Many in the area may know the National Rifle and Pistol matches as an annual event that brings tourists to the area.
But for others, it is a chance to show off their talents in a competition that features over 6,000 participants each year.
The event, which has been held for over 100 years at Camp Perry, is operated by the Civilian Marksmanship Program in conjunction with the National Rifle Association and the Ohio National Guard. The competition, which ranges from beginners to some of the world's best, will run through Aug. 14. It attracts competitors, their families, and onlookers from all over the country.
For instance, a woman from Wyoming makes the trip to Northwest Ohio each year for the event, and she is not alone.
“I love coming to this event,” said Steve Simmons, a 21-year-old from Wilmington, Del., who is competing. “It's great to be here at the shooting competition with all of the other shooters. It's a special time of year that I always look forward to.”
The primary goal of the CMP is to ensure safety for its participants, according to the website,
“The CMP is dedicated to the respect for and handling of firearms, instilling patriotism and discipline in our youth participants. The CMP provides its constituents with the highest level of instruction in the proper control of firearms by highly-skilled coaches and veteran range safety officers in the classroom, at our ranges and wherever the CMP banner is displayed,” the website notes.
Part of what makes this event run so smoothly is the work done by the Range Operations, a unit that has been run for the last 30 years by Joe DeCosta.
“Most of our Range Operations are local kids from Oak Harbor that work at Camp Perry during the National Matches. Without their help and hard work, the matches would not be possible,” said Christine Elder, Camp Perry communications manager.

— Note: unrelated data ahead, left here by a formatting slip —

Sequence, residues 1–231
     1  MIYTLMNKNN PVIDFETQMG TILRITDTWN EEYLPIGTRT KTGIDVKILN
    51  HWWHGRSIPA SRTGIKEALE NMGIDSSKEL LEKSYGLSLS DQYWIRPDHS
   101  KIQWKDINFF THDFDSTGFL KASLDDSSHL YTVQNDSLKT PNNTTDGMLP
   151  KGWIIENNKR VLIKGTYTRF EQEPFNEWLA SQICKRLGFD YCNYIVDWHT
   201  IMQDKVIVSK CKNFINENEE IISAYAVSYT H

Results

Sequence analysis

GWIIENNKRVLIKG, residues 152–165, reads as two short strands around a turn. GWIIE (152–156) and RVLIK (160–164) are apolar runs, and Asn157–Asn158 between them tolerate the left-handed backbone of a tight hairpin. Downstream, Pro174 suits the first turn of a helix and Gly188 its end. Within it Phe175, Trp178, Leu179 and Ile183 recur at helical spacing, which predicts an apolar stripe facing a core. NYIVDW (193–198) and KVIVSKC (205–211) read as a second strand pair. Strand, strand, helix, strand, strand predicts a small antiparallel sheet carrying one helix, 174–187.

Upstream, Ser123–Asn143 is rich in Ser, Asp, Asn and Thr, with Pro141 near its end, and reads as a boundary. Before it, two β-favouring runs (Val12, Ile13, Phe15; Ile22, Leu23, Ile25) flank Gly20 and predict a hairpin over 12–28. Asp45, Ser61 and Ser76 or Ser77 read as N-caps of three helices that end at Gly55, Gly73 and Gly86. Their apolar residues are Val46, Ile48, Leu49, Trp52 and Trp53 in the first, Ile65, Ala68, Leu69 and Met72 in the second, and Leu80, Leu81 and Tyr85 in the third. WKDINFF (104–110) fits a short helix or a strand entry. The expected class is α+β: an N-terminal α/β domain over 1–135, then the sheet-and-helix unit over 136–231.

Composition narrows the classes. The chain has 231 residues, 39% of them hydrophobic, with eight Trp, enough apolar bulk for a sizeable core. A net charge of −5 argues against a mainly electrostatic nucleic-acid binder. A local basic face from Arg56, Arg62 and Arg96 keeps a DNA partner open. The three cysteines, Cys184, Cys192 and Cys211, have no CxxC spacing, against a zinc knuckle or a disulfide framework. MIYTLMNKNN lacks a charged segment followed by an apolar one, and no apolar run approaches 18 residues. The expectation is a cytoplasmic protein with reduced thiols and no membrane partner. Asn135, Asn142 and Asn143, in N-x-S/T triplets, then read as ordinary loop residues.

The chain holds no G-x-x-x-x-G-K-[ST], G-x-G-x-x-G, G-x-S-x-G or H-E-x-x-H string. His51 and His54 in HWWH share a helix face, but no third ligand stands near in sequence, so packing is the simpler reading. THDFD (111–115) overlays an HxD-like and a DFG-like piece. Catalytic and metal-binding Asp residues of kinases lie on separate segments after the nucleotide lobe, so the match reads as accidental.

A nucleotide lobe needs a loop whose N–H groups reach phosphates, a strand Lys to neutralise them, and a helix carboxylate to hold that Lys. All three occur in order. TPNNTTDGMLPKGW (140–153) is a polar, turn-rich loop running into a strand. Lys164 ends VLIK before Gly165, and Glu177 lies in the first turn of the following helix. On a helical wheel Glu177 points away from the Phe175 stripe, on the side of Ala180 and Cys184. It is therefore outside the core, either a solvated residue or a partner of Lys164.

DeCosta, a native of Massachusetts, was a member of the Marine Corps shooting team and competed at Camp Perry back in his heyday.
“After I retired, I started coming up here and I was up here as a volunteer on the ranges. The range engineer who had the job for 25 years, brought me on in 1983 and I joined with him to see what was going on. It didn't take me long to get a grasp of things and then I took over for him.”
DeCosta, known to many as “Mr. D.” lives in Port Ritchie, Fla. during the fall and winter months before migrating back to Ottawa County on May 1 every year. His work is usually completed around Labor Day and it is then that DeCosta returns home to Port Ritchie, located just outside of Clearwater.
A National Rifle Association employee, DeCosta notes that, during the heart of the season, he and his co-workers will regularly log 80 to 90 hours per week.
“We start at 6 a.m. and after the shooting is over, we pick up the trash and clean all the ranges and the targets. We have everything ready for the next day. My philosophy is we don't leave until we're ready for the next day. We'll work 12 hours per day for seven days per week, 84 hours per week. It's a way for the kids to have a little more money. We do manual labor here — the kids are hard workers. We have a lot of people here; we like to hire people when they're young and then they come back and have gained more experience.”
With many of the hours coming via overtime, the paychecks can be quite lucrative and helpful to young people trying to save money for college.
DeCosta is still happy working at Camp Perry each summer, even after three decades.
“I'm not sure when I'll retire,” he said. “The challenge of working with these young people and building the ranges is very rewarding and keeps me going. I'm not stupid. There's going to come a time when I say, 'I think I've had enough.' They'll probably want someone to work with me for a year or two and then have it passed down.”